Yelena Khanga says that "while not everything was easy," you can't compare the black plight in Russia to "the kinds of things that happened in America."
July 06, 2009
MOSCOW -- The visit to Russia by Barack Obama, the first black man to be elected president of the United States, is significant for many Russians.
But for Russians of African descent, in particular, the new U.S. leader is a potent symbol of triumph over the same challenges they themselves face in a country where dark-skinned people remain rare and often unwelcome.
Yelena Khanga is one of Russia's best-known black citizens. The popular host of a top-rated 1990s chat show about sex -- "Pro Eto," (About That) -- she became one of the few black faces regularly seen on Russian television.
Khanga's grandparents came to the Soviet Union in the 1920s to escape the racism they had endured in the United States as a mixed-race couple.
Today, Khanga says Obama's election to the American presidency, and his current visit to Moscow, have special meaning for her.
"He did what my grandmother and grandfather dreamed about in their day," Khanga says. "They couldn't even have dreamed that, one day, America would have a black president. The only dreams that they had -- my grandmother was white, and my grandfather was black -- was that Americans would someday allow mixed couples to live in peace, have children, and let the children have decent lives. That is what they dreamed about."
Dreams Of Her Grandfather
Khanga's grandfather, Oliver Golden, became a member of the Communist Party in the United States after he failed to find work as anything but a waiter despite having a college degree.
He soon left for the Soviet Union with his Polish-American wife, Bertha Bialek, in one of the groups of black Americans actively encouraged by Bolshevik leaders to pull up stakes in their capitalist homeland and help build a new society in the USSR.
Golden traveled to Uzbekistan to work on cotton cultivation. He and his wife soon gave birth to a daughter named Lily, Khanga's mother.
Khanga says her grandparents worked hard to show Lily -- who went on to marry Abdullah Khanga, a political leader from Zanzibar whom she met in Moscow -- that she was free to achieve whatever she wanted.
"The Obama campaign said, 'Yes we can.' My grandmother and grandfather said the same thing to my mother -- 'Yes, you can. You can do it,'" Khanga says. "And my mother was the best pupil in school, she graduated with a gold medal.... She was practically the first black person to study at MGU [Moscow State University] in the Soviet Union. She played tennis; it was the dream of my grandfather that she, a black girl, played tennis. She was the champion of Uzbekistan."
The most famous African-Russian is legendary poet Alexander Pushkin, who was the great-grandson of an African brought to St. Petersburg under Peter the Great in the early 18th century.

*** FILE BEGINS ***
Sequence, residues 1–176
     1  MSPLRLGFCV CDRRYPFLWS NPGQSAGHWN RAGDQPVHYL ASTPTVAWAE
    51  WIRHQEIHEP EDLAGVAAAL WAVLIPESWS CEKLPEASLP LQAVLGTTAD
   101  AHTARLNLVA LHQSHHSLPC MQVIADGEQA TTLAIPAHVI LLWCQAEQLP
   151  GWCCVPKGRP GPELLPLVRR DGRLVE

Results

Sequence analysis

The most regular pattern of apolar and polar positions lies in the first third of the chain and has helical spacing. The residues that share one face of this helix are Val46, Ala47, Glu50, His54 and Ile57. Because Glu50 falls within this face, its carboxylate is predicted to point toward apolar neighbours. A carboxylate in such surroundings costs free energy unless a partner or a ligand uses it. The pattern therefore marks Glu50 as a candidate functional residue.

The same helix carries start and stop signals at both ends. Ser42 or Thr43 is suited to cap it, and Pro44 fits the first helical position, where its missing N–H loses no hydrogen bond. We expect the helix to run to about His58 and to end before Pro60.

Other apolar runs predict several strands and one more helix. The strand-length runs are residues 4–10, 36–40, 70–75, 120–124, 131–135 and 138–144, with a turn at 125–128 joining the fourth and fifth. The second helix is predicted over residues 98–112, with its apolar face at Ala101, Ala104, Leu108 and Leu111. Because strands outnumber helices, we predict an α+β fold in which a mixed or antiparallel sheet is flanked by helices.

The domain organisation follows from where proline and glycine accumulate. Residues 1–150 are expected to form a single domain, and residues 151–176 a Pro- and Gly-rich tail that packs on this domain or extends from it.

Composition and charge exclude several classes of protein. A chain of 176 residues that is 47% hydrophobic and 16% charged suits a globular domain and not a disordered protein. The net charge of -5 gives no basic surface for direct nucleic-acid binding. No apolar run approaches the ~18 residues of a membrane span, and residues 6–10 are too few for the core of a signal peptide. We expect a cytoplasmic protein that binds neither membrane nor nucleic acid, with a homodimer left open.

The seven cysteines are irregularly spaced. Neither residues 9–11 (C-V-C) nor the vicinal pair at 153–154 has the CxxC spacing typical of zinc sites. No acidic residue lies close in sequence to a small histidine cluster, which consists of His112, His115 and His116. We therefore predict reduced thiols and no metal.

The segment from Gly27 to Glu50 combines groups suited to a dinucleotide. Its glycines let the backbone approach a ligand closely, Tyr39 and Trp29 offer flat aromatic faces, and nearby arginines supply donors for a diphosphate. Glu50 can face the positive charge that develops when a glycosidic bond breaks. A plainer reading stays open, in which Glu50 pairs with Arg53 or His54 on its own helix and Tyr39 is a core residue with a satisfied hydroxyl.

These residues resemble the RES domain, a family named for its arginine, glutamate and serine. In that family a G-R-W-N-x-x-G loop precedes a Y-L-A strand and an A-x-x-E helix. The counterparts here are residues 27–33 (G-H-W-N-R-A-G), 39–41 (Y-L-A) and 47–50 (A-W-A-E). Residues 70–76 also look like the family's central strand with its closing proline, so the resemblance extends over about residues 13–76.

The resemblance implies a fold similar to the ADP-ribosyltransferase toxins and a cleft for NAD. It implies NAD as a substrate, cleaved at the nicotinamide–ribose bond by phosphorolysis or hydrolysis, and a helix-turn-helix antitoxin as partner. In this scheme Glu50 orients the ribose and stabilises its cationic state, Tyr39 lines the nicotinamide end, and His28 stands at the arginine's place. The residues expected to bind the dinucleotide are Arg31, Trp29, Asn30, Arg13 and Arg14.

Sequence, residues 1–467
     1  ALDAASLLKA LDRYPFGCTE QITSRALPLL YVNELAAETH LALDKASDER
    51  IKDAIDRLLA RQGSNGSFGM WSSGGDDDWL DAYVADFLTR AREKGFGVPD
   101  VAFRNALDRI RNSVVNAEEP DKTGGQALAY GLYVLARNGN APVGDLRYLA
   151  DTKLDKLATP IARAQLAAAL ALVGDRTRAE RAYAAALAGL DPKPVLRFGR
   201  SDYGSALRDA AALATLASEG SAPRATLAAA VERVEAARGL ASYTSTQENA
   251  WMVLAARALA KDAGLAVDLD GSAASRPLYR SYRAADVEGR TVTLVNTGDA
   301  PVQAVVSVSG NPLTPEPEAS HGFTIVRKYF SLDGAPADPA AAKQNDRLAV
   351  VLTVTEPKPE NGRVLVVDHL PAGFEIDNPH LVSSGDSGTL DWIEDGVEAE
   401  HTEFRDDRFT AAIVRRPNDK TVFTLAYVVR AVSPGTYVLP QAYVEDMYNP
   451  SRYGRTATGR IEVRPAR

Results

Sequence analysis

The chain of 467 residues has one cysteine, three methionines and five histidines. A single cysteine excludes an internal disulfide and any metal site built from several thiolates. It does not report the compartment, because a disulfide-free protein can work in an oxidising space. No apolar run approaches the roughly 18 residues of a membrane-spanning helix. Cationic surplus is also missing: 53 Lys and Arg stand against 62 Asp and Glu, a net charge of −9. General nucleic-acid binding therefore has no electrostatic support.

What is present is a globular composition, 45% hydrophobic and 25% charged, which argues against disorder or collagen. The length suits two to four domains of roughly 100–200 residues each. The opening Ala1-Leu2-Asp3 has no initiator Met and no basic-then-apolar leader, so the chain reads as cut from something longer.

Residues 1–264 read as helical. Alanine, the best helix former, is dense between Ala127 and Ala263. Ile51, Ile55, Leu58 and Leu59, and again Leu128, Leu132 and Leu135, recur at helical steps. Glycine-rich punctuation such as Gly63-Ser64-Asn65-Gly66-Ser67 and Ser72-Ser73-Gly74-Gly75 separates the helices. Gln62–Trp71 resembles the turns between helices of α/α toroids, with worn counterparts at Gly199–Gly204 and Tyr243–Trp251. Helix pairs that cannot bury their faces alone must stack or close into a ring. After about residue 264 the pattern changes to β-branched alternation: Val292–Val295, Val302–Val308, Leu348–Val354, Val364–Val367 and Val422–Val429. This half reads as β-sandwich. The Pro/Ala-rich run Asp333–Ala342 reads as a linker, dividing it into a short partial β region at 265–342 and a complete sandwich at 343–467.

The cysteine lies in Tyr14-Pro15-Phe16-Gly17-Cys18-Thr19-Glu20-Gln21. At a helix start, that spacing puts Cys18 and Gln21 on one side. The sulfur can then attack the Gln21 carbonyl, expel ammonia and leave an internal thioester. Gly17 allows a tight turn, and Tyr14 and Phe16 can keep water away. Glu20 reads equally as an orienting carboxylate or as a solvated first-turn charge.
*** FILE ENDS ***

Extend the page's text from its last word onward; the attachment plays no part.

During the Soviet era, African students were actively encouraged to travel to the Soviet Union for their educations, leading to a number of mixed marriages and African-Russian offspring.
But black skin remains extremely rare in Russia. One estimate says that there are between 40,000 and 70,000 Russians of full or mixed-African heritage.
That distinction has singled many black Russians out for treatment that they say swings between curiosity, at best, and open hostility, at worst.
Grigory Siyatinda, an actor at the Sovremennik Theater in Moscow, grew up as the only black man in his hometown of Tyumen in the 1970s. His experience was that of an object of fascination in an isolated Soviet society where foreigners, and especially black foreigners, were exotic.
"How to put it? It wasn't racism, what I experienced during my childhood in Tyumen," Siyatinda says. "I was the only black person in Tyumen -- Tyumen is a Siberian city and there were no black-skinned people at all. No one had ever seen one. That's why there was simply this heightened curiosity toward me. It was heightened so much at times that it crossed over the borders of tact."
No 'History Of Racism'
Racism, long officially denied under the communist regime, is a reality in modern-day Russia, where nationalist groups and xenophobia are on the rise.
Russia's Sova center, which tracks issues related to race and ethnicity, reports that 97 people were killed in racist attacks in 2008. Statistically, Central Asian migrants have become the primary victims of attacks in recent years. But African-Russians and African students remain constant targets as well.
Still, Khanga -- whose great-grandfather was a slave in Mississippi -- says she believes the scourge of racism was far worse in the United States, where there were 4 million African slaves by the time slavery was abolished in 1865 and where it took another century before school segregation and other forms of racial discrimination were formally outlawed.
Khanga notes that there was a very small percentage of mixed-race and black people in the Soviet Union.
"I was part of the first generation -- now, of course, there are a lot more," Khanga says. "But...we did not have the history of racism as they did in America. Not everything was easy, and I can be the first to tell you what kinds of problems we had. But, of course, you can't compare them to the kinds of things that happened in America."
Still, the few black Russians who have risen to prominence in their country have done so through sports or the entertainment world.
Khanga says she hopes that Obama's historic rise to become the first African-American president will open doors for blacks in Russia as well.
"I would like to see us have success in politics or science as well," she says.